S.C. lawmakers are working to limit the State Election Commission’s authority to buy new voting machines, amid concerns over the projected cost and the commission director’s longtime relationship with a possible vendor.
House budget writers Wednesday decided to transfer the State Election Commission’s money to buy new voting machines to the state’s Department of Administration, which would hang onto the money.
The State Election Commission still can pick the voting machines to be purchased this spring — after an evaluation of the bids by a panel of state and county election officials.
But lawmakers are working on a joint resolution to give the State Fiscal Accountability Authority — made up of top S.C. elected officials — the authority to approve or veto that decision.
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“We feel like there needs to be some more oversight and the process needs to be a little bit more open,” said state Rep. Kirkman Finlay, a Columbia Republican on the House Ways and Means Committee. “A lot of vendors, a lot of individuals, a lot of groups have contacted us and felt it was moving a little too quickly. With something like voting machines, we need to make sure everybody is included and everybody gets a shot at it.”
The State Election Commission has asked lawmakers for $60 million to replace all 13,000 of its 14-year-old touchscreen voting machines by 2020. The new machines will create a paper trail of votes cast. House budget writers have agreed to pony up most of that — $40 million — in next year’s budget.
The current machines have been criticized as antiquated and dysfunctional. The League of Women Voters released a study in January that found the machines counted some votes twice and counted some other votes for the wrong candidate during the 2018 election.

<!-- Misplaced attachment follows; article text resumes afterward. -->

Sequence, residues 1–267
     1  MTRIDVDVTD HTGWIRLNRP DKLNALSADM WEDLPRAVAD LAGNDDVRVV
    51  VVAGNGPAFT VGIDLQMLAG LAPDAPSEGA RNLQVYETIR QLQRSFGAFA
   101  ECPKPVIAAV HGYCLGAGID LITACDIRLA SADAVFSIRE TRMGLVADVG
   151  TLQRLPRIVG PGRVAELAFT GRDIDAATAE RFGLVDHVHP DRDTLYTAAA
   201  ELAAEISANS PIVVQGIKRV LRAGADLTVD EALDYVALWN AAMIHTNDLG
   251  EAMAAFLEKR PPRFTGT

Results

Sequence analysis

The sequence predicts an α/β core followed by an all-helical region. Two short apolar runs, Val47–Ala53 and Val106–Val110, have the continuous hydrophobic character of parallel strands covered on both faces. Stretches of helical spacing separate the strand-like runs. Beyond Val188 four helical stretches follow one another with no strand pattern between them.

Critics of the commission, including some lawmakers and the league, say the state could move toward unhackable paper ballots at less than half the current projected cost — about $25 million.
“We have seen no evidence (the commission) is giving hand-marked ballots serious consideration,” said Lynn Teague with the league.
However, State Election Commission spokesman Chris Whitmire said the agency’s request for proposals allowed for hand-marked ballot systems.
He also said the agency is committed to a “fair and open process” in buying new machines. “We’re focusing on the big picture, keeping our eyes on the goal (of replacing the machines),” he said. “This doesn’t change that.”
Lawmakers also are concerned about the perception of State Election Commission director Marci Andino’s relationship with one of the possible vendors bidding to sell the state new voting machines. The State reported last June that Andino had accepted nearly $20,000 in expenses during her decade as an adviser for Nebraska-based Election Systems and Software.
Andino cleared her role on an advisory board for ES&S with the state’s ethics office before she joined the panel in 2009. She quit the vendor’s advisory board last year before the state requested bids for new machines. She said she will not take part in selecting the winning bid.
“I’m just trying to make sure the process is beyond reproach,” said state Rep. Murrell Smith, the Sumter Republican who leads the House’s powerful budget-writing committee.
Whitmire said Andino’s role with ES&S — the vendor for South Carolina’s current voting machines — was never an ethical problem. She joined the advisory board, along with elections officials from other states, to learn more about voting machine issues in other states.
“Working with the vendor does not create a bias,” Whitmire said. “We also expect to work with whichever vendor is selected in this process.”
The deadline for bids to supply the voting machines is March 14. However, lawmakers are working to push that date back to give bidders more time.